New study: Quinine for leg cramps increases risk of death
Dr. Scot Ackerman weighs in
JACKSONVILLE, Fla. – As early as the 1930s, people drank quinine to help cure leg cramps.
In 2006, because of efficacy and safety issues, the US Food and Drug Administration cautioned about this off-label use of quinine, citing “665 reports of adverse events with serious outcomes…including 93 deaths.”
A new study suggests that not only does quinine not help with leg cramps or restless leg syndrome, but it may actually lead to an increased risk of death.
Drinks such as bitter lemon or tonic waters contain quinine which may expose individuals to quinine daily, however, they likely don't ingest as much as those who take it in pill form.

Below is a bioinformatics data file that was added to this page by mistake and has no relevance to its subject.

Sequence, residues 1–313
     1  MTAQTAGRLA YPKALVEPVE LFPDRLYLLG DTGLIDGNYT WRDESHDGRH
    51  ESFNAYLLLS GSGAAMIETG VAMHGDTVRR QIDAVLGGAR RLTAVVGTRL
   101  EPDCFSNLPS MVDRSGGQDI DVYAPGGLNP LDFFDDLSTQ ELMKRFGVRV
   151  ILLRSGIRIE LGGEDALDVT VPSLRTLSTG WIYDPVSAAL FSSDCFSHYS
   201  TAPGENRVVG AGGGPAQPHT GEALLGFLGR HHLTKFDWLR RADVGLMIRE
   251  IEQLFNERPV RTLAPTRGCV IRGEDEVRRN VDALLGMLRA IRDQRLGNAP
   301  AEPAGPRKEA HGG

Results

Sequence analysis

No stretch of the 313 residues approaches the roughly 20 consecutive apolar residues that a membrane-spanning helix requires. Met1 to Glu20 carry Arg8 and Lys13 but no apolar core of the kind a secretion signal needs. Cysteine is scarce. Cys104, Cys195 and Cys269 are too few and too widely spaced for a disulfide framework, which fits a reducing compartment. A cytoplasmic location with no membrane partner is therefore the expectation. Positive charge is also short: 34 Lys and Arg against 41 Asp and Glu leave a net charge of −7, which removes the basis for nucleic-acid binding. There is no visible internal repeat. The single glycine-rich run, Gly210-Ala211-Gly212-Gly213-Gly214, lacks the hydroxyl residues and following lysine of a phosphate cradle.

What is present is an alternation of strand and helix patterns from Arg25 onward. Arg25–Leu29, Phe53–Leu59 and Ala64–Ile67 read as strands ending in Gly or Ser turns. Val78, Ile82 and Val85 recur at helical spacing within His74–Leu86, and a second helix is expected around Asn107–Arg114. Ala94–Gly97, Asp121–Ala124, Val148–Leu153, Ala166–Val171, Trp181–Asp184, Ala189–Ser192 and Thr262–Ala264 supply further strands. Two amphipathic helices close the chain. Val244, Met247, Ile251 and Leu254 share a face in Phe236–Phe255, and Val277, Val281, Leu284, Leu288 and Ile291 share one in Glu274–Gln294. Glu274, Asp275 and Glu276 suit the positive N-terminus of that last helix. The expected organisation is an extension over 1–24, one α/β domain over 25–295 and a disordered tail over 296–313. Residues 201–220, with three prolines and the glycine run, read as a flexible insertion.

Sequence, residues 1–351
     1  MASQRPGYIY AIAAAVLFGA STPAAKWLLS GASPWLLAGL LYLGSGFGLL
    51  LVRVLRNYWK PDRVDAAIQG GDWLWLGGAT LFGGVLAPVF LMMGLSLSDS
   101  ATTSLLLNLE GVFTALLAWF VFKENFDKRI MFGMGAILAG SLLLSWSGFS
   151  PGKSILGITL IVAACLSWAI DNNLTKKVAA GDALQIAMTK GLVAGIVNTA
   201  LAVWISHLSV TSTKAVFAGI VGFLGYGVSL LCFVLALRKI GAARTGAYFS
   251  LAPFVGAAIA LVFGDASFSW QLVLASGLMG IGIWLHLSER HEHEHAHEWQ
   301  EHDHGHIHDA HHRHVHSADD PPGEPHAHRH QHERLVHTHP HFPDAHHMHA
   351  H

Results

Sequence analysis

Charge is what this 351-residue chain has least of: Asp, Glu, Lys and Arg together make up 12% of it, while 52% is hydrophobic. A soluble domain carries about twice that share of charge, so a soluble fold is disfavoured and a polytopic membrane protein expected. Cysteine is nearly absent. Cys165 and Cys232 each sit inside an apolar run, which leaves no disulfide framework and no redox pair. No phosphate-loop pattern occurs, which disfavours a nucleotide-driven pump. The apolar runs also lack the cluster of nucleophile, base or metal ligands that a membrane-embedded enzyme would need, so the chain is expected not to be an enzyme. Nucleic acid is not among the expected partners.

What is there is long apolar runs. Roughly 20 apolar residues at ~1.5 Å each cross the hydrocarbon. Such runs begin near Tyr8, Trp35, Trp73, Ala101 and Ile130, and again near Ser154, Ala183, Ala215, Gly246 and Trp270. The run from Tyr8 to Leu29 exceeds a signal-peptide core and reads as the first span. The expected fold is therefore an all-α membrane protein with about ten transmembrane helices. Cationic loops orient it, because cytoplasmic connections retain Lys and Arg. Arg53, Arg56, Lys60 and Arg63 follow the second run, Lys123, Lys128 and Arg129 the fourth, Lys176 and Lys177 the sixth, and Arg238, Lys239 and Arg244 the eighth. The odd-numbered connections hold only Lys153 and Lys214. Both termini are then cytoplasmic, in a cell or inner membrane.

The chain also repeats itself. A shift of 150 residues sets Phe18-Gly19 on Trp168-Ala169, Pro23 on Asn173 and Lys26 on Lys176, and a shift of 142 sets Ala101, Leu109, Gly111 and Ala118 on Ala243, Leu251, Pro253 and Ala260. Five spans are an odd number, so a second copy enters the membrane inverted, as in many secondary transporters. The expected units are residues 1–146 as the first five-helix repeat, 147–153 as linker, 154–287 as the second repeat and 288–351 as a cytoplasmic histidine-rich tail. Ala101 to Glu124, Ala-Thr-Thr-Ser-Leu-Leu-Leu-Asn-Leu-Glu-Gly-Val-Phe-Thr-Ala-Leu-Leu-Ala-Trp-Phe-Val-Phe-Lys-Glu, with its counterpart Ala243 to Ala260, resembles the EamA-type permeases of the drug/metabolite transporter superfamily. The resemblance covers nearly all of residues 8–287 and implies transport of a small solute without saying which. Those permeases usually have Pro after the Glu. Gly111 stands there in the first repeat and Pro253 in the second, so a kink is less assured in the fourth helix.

"In tonic water, there is 83 mg of quinine per liter. When you prescribe quinine, it's usually 100 mg," said Dr. Scot Ackerman of the Ackerman Cancer Clinic. "So you would have to drink more than a liter per day."
Quinine has also been used to treat malaria.
For those seeking to treat leg cramps, Ackerman said that the first step is to determine the cause of the leg cramps or restless leg syndrome.
"Leg cramps can be caused by all sorts of things. Early onset Parkinson's, electrolyte imbalance can give you leg cramps. Also, there can be side effects from medications."
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